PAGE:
At this early stage of development children find joy in encountering their world and acquiring the vocabulary to speak about and share it with others. They also enjoy movement in song and dance and as they learn to read stories begin to cultivate their moral imagination. At this stage the classical curriculum focuses on cultivating that sense of wonder and developing a “grammar” of all the disciplines.
As students progress developmentally into the logic stage they start to become excited about questions of “why”. They begin to analyze and classify their experiences both linguistically and mathematically and explore how different things in the world fit together. At this stage the classical curriculum begins to focus upon developing the students reasoning and critical questioning ability. As authentic education is only possible when set free from what Pope Benedict XVI referred to as the “dictatorship of relativism”, we focus on training the mind to think orderly in all subjects and begin to expose our students to the full riches of Western Civilization
As students progress into the third and final stage of development they become more interested in how others perceive them, and how their words and actions can be used to impact and change the world around them. At this stage the classical curriculum students begin to learn how to structure their thinking and speaking in such a way that it can be consumed effectively by others. As great writing often begins with a love of great models of literature they are further immersed in the “great books”, as well as the disciplines for higher studies like advanced mathematics, music and the sciences.
Beauty is a critical pathway for young hearts in our contemporary culture to find goodness and truth. As funding for the arts and humanities are reduced in some schools students lose essential training in the physical and emotional foundations for academic growth and character development.
Classical education is not opposed to technology. Technology is a wonderful tool when it is used like Steve Jobs spoke of, as a “bicycle for the mind”. We train our students to be technologically capable, and strive to give them the critical thinking skills which will enable them to succeed in all areas of life.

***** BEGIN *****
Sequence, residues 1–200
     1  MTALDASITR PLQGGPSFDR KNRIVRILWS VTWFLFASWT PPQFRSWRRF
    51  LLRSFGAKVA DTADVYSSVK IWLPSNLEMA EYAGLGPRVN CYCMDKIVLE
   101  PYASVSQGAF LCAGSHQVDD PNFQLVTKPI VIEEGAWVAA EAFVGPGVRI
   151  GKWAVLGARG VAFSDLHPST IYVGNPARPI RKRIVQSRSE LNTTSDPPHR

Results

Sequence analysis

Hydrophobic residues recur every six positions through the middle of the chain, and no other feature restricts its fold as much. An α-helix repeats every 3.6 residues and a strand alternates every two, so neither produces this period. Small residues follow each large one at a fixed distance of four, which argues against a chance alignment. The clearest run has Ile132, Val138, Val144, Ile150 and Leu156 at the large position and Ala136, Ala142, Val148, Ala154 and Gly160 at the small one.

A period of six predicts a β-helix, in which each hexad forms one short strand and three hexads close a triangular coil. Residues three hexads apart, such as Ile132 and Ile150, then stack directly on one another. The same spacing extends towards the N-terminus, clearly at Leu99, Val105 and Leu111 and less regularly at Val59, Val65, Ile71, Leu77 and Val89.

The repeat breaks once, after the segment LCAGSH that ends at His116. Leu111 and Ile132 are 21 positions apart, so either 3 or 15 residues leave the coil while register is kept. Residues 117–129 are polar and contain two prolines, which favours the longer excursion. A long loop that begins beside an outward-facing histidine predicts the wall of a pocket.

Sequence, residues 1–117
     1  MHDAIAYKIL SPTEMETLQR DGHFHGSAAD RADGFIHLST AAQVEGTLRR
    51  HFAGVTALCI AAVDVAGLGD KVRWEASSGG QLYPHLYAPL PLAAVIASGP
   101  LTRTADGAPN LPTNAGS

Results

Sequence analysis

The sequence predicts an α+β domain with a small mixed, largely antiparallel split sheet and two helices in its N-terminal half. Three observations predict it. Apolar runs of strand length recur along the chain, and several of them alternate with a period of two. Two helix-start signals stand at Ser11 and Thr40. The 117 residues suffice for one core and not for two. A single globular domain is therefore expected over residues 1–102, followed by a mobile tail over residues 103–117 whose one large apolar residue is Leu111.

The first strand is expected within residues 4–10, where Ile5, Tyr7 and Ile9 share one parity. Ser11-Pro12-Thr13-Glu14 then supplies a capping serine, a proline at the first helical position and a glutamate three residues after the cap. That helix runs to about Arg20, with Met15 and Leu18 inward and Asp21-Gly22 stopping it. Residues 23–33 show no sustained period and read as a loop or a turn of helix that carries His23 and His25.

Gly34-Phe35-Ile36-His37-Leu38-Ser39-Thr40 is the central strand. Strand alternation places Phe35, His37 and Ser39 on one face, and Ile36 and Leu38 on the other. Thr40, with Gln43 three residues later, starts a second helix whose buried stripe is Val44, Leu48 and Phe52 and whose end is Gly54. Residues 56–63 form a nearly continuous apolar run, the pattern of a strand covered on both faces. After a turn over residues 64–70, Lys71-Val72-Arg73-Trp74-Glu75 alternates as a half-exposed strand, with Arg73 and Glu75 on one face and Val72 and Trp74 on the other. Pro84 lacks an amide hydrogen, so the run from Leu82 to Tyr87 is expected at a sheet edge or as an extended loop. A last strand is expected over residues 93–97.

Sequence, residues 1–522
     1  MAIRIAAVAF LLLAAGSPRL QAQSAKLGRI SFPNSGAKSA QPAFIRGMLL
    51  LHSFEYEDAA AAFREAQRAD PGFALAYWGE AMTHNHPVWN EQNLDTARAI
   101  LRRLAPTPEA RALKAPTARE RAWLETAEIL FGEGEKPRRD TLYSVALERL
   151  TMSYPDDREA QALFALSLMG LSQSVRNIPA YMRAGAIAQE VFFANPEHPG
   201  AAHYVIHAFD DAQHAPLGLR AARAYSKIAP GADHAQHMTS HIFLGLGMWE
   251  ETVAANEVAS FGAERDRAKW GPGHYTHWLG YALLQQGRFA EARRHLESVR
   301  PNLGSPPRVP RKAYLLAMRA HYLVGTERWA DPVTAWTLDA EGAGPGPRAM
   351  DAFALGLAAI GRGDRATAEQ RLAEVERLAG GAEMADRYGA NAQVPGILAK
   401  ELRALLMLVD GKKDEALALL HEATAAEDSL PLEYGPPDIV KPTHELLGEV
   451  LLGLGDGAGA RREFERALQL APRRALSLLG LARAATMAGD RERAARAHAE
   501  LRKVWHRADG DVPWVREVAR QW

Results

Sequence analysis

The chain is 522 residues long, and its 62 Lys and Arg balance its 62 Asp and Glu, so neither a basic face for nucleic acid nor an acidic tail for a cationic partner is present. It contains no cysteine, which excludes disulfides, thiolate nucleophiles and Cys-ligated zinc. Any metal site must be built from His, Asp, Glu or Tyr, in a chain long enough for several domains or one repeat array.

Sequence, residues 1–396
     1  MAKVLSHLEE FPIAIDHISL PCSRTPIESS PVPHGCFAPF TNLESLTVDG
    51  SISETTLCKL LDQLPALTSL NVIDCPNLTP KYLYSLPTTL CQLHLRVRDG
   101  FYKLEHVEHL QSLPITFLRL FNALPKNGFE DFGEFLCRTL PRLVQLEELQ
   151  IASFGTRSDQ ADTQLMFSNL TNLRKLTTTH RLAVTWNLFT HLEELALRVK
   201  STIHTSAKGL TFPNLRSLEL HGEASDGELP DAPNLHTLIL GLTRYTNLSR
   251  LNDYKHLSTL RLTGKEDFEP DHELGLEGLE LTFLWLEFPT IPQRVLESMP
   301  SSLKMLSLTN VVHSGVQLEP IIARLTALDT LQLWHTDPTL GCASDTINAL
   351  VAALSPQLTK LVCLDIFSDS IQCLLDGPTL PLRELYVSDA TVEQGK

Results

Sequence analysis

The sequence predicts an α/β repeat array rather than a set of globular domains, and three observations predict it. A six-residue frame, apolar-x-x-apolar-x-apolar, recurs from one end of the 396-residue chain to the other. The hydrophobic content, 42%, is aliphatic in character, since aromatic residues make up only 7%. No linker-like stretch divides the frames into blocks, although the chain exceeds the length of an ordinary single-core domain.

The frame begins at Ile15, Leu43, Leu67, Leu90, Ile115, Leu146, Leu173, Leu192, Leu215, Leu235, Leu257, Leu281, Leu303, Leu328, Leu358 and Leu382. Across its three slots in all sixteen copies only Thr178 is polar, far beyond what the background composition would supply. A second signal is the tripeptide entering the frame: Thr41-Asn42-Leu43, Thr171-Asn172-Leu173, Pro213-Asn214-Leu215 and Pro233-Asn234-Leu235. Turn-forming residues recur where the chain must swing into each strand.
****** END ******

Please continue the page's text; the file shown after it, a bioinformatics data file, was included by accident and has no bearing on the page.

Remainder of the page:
St. Thomas Aquinas defined wisdom as the ability to “order things rightly”. The study of Latin helps train our mind to do just that. As a language it is so rationally structured and precise that students of Latin develop precision in higher order thinking. This habitual structuring of the mind helps students to make sense of truth found in all areas of study.
The Latin language is the basis for much of both Christian and non-Christian civilization and culture. Law, medicine and many other disciplines are shaped by Latin concepts and ideas. More particularly, Christian worship, theological studies and moral formation are greatly aided by studying what remains the official language of the Church to this day.
When one masters the Latin language they have an excellent basis for many other languages. For example, about 80% of the words in the “Romance Languages” (Spanish, French, Portuguese and Romanian) find their origin in Latin. In this sense for parents interested in providing children with an education in a more “practical language” like Spanish, the study of Latin provides a stupendous foundation.